As more advertisers pull out of its platform over poor handling of hate speech and misinformation, Facebook CEO Mark Zuckerberg said on Saturday that the social network will put warning labels on all posts that break its rules but are deemed newsworthy. The announcement came after several top-notch advertisers like Coca-Cola, Hershey and Honda joined over 100 brands who have decided to boycott advertising on Facebook.
Facebook's decision now opens the door to label controversial posts by US President Donald Trump. Twitter has already flagged a couple of his controversial tweets while Facebook is facing widespread criticism for its inaction over Trump posts that glorified violence in the aftermath of the death of African-American George Floyd.
Zuckerberg said that they will soon start labelling some of the content we leave up because it is deemed newsworthy, so people can know when this is the case. "We'll allow people to share this content to condemn it, just like we do with other problematic content because this is an important part of how we discuss what's acceptable in our society -- but we'll add a prompt to tell people that the content they're sharing may violate our policies," he explained.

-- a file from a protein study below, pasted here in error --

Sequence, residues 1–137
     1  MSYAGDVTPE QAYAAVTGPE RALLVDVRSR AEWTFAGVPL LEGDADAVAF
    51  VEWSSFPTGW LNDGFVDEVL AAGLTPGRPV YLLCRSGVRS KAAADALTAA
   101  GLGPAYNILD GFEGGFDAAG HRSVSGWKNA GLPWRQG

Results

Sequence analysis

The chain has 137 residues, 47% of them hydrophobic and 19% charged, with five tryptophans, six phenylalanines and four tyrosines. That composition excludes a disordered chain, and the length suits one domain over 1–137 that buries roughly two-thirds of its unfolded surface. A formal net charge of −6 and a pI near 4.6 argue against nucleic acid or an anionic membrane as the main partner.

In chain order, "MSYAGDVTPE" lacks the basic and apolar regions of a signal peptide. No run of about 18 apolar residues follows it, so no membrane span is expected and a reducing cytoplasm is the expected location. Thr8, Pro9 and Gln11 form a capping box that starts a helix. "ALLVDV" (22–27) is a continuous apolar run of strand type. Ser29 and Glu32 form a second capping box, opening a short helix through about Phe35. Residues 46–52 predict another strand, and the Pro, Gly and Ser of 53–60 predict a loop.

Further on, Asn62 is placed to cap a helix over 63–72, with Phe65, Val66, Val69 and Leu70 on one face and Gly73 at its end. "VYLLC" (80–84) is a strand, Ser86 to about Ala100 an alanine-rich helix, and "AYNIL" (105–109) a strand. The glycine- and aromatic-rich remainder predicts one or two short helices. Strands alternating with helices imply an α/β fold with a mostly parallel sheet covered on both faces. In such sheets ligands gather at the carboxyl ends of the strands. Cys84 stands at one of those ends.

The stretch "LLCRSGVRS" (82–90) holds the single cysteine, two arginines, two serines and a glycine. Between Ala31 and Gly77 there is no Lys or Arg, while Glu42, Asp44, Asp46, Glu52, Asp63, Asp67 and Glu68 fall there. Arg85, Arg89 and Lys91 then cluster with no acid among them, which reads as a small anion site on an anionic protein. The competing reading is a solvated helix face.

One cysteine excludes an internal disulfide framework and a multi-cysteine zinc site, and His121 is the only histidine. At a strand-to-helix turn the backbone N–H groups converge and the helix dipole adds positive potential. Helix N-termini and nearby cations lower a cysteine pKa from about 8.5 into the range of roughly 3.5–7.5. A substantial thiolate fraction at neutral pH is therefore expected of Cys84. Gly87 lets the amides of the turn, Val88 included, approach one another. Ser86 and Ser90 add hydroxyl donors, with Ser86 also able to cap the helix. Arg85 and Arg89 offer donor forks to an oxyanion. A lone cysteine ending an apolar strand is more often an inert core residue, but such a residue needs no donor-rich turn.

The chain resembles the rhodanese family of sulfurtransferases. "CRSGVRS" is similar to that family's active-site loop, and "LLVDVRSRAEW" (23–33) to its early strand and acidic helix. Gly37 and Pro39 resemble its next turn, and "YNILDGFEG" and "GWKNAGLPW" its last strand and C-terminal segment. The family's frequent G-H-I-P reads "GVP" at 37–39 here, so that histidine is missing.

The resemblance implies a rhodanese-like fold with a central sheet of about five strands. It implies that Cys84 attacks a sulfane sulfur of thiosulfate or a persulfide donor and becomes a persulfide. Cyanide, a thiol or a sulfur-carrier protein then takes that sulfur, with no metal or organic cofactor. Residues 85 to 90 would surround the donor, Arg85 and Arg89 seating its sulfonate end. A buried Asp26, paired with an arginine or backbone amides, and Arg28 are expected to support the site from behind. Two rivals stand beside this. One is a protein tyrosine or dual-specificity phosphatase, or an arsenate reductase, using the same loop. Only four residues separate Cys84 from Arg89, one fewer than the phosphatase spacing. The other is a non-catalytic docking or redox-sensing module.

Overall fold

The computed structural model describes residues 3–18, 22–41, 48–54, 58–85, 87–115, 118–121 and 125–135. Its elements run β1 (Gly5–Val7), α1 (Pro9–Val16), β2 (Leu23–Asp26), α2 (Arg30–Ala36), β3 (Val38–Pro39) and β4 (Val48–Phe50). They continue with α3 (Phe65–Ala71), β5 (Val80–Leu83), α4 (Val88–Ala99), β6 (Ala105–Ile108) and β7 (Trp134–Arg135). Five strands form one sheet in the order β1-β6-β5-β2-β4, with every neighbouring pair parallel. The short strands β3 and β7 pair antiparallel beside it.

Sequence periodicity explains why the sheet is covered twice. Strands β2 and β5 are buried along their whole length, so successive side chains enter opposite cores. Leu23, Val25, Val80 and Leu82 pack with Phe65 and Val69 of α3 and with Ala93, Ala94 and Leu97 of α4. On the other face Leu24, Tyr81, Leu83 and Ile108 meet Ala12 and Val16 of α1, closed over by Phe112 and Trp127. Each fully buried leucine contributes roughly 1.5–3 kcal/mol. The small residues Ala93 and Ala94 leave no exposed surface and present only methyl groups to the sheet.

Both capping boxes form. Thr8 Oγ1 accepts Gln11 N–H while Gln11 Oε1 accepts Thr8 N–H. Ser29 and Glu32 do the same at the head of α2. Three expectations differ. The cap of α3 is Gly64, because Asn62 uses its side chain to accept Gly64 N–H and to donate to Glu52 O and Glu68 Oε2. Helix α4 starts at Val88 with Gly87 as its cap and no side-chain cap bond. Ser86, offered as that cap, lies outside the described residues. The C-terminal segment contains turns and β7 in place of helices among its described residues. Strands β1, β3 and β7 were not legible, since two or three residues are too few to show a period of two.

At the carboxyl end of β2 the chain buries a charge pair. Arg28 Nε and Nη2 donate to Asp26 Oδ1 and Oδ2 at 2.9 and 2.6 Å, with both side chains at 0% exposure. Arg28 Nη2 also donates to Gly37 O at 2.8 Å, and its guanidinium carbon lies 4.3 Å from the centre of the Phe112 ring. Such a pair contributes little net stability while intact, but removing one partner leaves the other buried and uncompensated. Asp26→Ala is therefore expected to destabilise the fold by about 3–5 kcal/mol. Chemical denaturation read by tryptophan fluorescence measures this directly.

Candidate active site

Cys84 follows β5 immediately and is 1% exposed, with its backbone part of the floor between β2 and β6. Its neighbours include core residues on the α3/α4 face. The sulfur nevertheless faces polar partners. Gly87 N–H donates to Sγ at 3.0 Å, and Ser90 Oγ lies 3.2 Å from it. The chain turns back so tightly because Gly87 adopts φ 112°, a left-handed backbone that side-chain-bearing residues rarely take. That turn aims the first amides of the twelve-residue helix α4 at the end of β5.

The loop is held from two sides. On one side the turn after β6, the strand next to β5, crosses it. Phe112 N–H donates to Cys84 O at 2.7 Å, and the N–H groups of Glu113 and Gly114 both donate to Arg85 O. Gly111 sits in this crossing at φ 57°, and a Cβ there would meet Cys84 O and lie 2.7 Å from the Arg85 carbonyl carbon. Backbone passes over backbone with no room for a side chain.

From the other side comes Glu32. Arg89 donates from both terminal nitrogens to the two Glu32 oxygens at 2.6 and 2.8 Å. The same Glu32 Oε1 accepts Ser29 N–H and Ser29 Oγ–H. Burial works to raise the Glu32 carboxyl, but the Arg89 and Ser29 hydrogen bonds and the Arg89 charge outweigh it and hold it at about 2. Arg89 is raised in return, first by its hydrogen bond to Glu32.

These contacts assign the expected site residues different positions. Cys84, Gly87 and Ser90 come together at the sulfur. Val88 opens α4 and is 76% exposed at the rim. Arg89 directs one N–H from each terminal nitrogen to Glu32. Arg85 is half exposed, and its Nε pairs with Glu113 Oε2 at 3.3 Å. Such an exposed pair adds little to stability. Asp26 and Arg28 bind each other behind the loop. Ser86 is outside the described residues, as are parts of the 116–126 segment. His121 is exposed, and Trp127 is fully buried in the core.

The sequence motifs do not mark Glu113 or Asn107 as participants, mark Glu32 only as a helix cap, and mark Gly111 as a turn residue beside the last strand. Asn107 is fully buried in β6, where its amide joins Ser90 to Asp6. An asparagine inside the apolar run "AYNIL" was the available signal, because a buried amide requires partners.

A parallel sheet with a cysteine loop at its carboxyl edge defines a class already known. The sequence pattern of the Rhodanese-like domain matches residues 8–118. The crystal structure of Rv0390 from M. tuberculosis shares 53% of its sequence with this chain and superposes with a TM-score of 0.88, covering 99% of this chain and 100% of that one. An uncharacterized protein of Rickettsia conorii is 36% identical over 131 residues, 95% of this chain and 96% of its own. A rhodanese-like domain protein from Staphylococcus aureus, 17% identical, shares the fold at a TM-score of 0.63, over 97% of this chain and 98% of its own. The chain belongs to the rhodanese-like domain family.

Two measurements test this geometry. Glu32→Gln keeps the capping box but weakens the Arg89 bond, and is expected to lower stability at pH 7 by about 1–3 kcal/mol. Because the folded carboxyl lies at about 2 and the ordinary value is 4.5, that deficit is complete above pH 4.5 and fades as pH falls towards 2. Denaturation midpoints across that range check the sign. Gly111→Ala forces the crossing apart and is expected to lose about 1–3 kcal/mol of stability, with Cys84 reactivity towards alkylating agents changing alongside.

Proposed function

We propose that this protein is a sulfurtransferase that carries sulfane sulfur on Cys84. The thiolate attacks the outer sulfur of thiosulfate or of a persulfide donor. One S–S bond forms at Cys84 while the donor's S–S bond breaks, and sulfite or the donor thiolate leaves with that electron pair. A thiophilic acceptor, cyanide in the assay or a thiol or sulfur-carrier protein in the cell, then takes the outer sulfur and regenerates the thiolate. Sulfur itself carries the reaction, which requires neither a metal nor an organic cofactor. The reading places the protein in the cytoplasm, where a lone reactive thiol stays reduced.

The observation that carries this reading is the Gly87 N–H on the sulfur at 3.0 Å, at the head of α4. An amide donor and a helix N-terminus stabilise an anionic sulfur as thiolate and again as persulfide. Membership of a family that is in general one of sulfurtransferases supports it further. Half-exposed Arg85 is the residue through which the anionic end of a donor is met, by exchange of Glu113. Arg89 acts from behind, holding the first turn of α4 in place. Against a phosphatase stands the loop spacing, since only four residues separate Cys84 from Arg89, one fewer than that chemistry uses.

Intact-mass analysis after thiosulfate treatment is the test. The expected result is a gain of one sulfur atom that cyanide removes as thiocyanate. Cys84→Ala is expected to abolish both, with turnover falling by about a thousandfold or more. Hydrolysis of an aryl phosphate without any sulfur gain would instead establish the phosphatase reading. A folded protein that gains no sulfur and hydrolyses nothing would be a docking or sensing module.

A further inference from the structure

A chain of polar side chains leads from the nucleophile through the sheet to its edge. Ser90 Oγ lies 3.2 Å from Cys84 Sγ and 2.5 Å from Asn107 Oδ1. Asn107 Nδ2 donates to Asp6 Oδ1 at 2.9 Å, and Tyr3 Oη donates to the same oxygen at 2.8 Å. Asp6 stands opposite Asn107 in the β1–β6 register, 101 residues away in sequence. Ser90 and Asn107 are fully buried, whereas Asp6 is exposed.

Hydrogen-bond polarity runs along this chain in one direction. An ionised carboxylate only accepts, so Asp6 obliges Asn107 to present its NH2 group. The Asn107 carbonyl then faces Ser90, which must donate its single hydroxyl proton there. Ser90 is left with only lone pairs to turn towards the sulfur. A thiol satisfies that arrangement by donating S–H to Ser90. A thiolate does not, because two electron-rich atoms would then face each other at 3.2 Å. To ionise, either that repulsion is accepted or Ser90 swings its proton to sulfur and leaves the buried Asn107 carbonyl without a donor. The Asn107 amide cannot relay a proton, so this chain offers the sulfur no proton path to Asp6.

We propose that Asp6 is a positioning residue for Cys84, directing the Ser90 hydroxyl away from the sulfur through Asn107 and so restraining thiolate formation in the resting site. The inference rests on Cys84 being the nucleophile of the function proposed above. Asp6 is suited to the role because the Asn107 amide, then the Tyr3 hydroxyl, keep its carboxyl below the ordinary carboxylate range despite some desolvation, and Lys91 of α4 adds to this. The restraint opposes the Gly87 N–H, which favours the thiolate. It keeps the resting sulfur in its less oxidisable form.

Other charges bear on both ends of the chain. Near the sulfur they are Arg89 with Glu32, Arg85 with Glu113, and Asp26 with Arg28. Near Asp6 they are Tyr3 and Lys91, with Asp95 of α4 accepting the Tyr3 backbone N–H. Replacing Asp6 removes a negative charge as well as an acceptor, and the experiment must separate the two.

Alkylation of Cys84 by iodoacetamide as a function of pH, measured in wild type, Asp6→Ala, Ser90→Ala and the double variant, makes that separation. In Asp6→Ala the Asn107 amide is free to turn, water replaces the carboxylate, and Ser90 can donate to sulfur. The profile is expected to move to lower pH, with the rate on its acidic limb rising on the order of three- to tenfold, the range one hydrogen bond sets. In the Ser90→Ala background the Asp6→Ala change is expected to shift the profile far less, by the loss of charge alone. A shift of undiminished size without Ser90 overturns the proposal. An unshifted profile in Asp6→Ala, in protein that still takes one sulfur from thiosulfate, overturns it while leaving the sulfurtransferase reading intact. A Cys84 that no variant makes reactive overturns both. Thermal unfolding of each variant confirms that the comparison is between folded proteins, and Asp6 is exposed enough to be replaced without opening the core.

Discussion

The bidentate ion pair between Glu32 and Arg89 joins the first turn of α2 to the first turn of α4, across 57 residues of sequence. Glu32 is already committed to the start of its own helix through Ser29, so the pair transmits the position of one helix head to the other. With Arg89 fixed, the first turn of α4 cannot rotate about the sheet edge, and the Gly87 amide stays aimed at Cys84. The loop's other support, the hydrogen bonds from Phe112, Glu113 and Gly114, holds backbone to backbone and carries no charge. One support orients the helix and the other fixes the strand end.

There is no newsworthiness exemption to content that incites violence or suppresses voting. "Even if a politician or government official says it, if we determine that content may lead to violence or deprive people of their right to vote, we will take that content down," Zuckerberg said adding that there are no exceptions for "politicians in any of the policies I'm announcing here today".
Earlier, telecom carrier Verizon announced to pull ads from Facebook and Instagram, joining advertisers like apparel brand North Face, ice cream brand Ben & Jerry's, outdoor apparel stores REI and Patagonia, freelancing platform Upwork, shipping company Local Postal, password manager Dashlane and outwear company Arc'teryx to boycott the social network. Facebook makes about 98 per cent of its $70 billion annual revenue from advertising. Zuckerberg also detailed plans to tighten policies ahead of the 2020 elections.
"Since the most dangerous voter suppression campaigns can be local and run in the days immediately before an election, we're going to use our Elections Operations Center to quickly respond and remove false claims about polling conditions in the 72 hours leading into election day," announced the Facebook CEO. He said that Facebook will also ban posts that make false claims saying ICE agents are checking for immigration papers at polling places, which is a tactic used to discourage voting.